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Marcia Bartusiak joins Kip Thorne, Laura Danly and Rainer Weiss to demonstrate how two observatories on opposite sides of the country, called LIGO (Laser Interferometer Gravitational-wave Observatory), may open a new window on observing the cosmos—one based not in light but in gravity. Scientists have embarked on this joint experiment, seeking whispers of far-away violence—like the collision between distant black holes—rippling through the cosmos. It’s taken nearly a century, but technology has finally caught up to Einstein’s brilliance. His 1916 General Theory of Relativity predicted the existence of gravitational waves—undulations in the very fabric of space and time—and LIGO researchers are now poised to detect them.
Marcia Bartusiak is an author, journalist, and Professor of the Practice of the Graduate Program in Science Writing at MIT. She writes about the fields of astronomy and physics. Bartusiak has been published in National Geographic, Discover, Astronomy, Sky & Telescope, Science, Popular Science, and more.Read More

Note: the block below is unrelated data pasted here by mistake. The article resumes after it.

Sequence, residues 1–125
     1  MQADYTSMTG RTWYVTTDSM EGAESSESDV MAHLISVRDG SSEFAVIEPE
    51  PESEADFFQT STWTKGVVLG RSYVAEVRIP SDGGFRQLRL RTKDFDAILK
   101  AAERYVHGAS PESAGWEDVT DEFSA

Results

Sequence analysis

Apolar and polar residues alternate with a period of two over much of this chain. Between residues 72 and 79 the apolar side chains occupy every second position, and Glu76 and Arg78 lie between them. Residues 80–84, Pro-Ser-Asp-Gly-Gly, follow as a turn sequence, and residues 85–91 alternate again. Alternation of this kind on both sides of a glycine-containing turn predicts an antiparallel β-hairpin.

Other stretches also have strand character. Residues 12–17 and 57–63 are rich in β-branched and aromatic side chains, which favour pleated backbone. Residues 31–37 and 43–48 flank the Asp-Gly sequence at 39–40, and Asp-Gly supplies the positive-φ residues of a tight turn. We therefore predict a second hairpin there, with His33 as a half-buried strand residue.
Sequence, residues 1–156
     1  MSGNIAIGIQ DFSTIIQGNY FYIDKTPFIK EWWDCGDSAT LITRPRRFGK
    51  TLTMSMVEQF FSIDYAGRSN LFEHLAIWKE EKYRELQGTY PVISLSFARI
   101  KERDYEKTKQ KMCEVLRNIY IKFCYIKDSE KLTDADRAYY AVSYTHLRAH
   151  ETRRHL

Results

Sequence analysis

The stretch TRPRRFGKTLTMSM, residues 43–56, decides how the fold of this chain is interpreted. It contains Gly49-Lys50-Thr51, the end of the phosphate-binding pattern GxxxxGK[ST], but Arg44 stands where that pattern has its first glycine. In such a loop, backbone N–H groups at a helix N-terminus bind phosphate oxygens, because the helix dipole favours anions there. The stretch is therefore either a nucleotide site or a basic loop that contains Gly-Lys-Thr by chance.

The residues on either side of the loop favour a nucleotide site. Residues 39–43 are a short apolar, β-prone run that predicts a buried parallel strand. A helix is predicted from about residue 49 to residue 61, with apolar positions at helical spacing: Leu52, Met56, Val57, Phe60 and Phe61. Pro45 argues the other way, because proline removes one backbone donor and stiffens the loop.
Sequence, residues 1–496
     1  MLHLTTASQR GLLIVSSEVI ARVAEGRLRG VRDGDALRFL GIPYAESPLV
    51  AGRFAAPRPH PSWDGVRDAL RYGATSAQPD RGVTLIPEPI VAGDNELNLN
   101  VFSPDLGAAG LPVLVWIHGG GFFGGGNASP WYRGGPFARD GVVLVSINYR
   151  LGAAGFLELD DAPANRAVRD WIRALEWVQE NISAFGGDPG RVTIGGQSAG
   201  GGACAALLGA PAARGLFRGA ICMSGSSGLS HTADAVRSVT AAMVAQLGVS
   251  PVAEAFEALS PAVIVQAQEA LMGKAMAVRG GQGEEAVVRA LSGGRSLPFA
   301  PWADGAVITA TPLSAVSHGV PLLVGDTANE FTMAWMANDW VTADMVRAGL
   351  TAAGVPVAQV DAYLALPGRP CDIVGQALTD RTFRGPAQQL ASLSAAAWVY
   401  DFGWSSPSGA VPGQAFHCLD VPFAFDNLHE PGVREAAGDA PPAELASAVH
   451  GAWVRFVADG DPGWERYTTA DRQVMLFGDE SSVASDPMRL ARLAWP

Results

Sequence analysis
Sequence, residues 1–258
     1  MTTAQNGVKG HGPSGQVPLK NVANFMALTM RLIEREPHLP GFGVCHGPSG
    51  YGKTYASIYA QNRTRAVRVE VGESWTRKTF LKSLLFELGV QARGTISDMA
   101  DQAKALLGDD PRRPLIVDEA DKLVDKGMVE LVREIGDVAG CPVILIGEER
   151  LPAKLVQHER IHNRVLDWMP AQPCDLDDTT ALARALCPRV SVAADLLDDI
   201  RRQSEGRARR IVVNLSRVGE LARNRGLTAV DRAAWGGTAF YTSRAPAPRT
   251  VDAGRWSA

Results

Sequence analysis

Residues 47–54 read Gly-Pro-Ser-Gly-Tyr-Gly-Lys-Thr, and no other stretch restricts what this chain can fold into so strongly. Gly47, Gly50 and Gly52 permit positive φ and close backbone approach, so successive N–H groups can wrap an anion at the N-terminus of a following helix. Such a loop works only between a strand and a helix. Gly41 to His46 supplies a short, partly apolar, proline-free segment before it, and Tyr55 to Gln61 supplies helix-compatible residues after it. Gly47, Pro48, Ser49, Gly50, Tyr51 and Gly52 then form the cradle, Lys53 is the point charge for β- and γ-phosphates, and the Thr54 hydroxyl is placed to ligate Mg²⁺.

Rai Weiss is known for his pioneering measurements of the spectrum of the cosmic microwave background radiation and his seminal leadership in the conception, design and operation of the laser interferometer gravitational wave detector; remarkable scientific achievements recognized by his roles as a co-founder and an intellectual leader of both the COBE Project and LIGO.Read More
Kip Thorne is the Feynman Professor of Theoretical Physics, Emeritus, at Caltech. He was the co-founder (with Rai Weiss and Ron Drever) of the LIGO (Laser Interferometer Gravitational Wave Observatory) Project and he chaired the steering committee that led LIGO in its earliest years.Read More